# Triplanar terrain texturing with GLSL

By , last updated November 25, 2019

Stretched textures on vertical triangles is one of a million possible bugs when texturing terrain with shaders. To fix it we need to recalculate texture coordinates in 3 projections: x, y and z.

The main algorithm to apply triplanar texturing of a 3D terrain with shaders is as following:

Compute the vertex’s normal vector and check what the larger component of the normal is, out of x, y and z. If x is the larger component, we use the geometry z coordinate as the texture coordinate s, and the geometry y coordinate as the texture coordinate t. If z is the larger component, we use the geometry x coordinate as the texture coordinate s, and the geometry y coordinate as the texture coordinate t.

Here’s how terrain looked like before we used shaders: Here’s a simple example of GLSL vertex and fragment shaders for texturing terrain in 3D:

```varying float v;
varying float xcoord,ycoord,zcoord;

void main ()
{
//Texture Coordinates
xcoord = gl_Vertex.x;
zcoord = gl_Vertex.z;
ycoord = gl_Vertex.y ;

// projection1. y is largest normal component
// so use x and z to sample texture
gl_TexCoord = vec4(xcoord,zcoord,0,0); //first projection
// projection2. x is largest normal component
// so use z and y to sample texture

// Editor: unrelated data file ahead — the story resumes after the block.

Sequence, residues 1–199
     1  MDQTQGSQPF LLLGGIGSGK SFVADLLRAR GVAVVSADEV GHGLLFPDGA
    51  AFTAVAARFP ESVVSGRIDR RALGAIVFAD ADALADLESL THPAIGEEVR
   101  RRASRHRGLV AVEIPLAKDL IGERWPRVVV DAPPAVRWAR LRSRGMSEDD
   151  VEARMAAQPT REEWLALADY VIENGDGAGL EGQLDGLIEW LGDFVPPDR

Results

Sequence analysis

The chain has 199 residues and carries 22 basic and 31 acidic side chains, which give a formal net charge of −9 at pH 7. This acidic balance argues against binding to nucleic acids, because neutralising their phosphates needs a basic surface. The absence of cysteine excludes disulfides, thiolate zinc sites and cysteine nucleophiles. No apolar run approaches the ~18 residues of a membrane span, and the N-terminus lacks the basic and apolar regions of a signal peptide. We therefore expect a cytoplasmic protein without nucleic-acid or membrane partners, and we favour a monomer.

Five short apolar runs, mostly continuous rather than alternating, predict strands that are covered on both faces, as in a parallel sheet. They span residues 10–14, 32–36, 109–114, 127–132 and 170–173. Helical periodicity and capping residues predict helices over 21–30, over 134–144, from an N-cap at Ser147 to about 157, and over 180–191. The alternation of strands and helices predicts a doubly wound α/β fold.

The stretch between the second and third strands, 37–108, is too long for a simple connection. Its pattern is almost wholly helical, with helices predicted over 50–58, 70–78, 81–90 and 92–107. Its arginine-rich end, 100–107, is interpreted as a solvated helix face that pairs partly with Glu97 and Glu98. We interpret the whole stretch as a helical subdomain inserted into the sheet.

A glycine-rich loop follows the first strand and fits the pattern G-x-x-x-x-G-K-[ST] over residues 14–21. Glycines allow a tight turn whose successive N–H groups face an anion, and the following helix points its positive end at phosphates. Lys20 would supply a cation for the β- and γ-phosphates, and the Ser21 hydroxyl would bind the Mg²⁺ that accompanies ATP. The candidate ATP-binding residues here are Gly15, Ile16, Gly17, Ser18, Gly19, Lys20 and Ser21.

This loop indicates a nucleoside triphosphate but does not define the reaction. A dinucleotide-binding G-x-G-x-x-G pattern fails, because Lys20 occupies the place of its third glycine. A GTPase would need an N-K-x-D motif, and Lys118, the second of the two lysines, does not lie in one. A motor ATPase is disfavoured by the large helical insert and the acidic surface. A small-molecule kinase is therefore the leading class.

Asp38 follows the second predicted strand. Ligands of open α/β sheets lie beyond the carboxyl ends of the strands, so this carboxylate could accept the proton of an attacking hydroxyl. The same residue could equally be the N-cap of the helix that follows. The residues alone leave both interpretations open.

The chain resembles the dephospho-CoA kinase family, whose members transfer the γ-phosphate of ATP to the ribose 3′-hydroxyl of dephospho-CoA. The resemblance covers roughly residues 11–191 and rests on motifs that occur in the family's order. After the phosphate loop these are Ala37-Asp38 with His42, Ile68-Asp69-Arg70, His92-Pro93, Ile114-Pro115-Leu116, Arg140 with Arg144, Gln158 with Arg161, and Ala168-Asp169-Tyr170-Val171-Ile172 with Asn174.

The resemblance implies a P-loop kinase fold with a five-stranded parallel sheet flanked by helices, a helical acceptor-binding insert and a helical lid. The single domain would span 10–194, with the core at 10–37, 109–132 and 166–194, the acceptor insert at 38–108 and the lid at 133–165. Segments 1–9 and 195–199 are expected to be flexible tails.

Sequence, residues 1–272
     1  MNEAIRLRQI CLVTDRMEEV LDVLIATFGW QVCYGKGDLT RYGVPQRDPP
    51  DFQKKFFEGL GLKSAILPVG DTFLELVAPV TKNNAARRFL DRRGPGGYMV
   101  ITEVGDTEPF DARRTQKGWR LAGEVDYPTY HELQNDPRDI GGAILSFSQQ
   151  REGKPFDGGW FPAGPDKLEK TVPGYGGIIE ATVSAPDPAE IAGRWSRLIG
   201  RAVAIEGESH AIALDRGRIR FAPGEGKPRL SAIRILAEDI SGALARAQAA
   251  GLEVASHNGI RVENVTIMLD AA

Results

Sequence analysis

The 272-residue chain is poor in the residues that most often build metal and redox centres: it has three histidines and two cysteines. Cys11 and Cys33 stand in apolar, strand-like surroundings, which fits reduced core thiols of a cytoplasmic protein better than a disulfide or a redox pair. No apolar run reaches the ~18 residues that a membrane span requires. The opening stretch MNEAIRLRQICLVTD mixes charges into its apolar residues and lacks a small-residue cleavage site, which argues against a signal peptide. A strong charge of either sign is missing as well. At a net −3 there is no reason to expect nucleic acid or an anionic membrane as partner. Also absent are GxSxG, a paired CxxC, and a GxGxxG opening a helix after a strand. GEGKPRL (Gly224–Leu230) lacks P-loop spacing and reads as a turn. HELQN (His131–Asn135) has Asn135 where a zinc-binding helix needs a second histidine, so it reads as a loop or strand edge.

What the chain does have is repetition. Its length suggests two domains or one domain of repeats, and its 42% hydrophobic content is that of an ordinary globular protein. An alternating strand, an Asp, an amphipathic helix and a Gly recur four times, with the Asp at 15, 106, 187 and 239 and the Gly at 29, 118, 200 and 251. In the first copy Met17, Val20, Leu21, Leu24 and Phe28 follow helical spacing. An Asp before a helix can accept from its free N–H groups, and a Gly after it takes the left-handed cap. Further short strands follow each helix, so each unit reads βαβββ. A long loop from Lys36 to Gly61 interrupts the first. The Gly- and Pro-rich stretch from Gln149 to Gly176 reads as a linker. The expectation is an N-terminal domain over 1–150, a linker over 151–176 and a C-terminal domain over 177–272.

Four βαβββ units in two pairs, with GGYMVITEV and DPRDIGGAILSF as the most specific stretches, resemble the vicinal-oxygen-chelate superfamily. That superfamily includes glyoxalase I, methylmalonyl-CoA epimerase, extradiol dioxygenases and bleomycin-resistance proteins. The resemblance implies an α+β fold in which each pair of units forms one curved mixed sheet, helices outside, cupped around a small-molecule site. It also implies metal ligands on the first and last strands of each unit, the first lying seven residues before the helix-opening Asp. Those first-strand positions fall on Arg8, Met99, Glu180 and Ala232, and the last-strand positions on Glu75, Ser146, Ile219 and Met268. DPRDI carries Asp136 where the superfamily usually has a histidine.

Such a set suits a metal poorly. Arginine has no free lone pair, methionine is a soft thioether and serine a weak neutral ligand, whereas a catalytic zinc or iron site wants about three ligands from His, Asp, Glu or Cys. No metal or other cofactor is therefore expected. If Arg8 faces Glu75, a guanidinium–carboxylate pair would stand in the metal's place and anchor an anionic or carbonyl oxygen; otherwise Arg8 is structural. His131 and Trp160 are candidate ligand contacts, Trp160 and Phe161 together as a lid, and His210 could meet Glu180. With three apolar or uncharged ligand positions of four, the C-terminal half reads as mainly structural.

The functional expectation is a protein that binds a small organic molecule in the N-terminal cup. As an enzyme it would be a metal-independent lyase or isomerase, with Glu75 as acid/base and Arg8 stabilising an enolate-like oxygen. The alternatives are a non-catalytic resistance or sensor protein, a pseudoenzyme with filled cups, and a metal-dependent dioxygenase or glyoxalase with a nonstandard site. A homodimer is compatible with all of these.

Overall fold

gl_TexCoord = vec4(zcoord,ycoord,0,0); //second projection
// projection3. z is largest normal component
// so use x and y to sample texture
gl_TexCoord = vec4(xcoord,ycoord,0,0); //third projection

//gl_Normal is the vertex's normal vector.
//We compare it's absolute values with each other to find which projection to use
float x = abs(gl_Normal.x);
float y = abs(gl_Normal.y);
float z = abs(gl_Normal.z);
if(x > y && x > z)
{
//v is a variable used in fragment shader to distinguish textures
v = 1;
}
if(y > x && y > z)
{
v = 0;
}
if(z > y && z > x)
{
v = 2;
}

gl_Position = ftransform();
}
```

```varying float v;
uniform sampler2D myTexture0;
uniform sampler2D myTexture1;
uniform sampler2D myTexture2;
void main (void)
{
if ( 0 == v )
{
gl_FragColor = texture2D( myTexture0, gl_TexCoord.st);
}
if ( 1 == v )
{
gl_FragColor = texture2D( myTexture1, gl_TexCoord.st);
}
if ( 2 == v )
{
gl_FragColor = texture2D( myTexture2, gl_TexCoord.st);
}
}
```

Here’s the result (we used 3 textures in shaders to visualize the result):  Senior Software Engineer developing all kinds of stuff.

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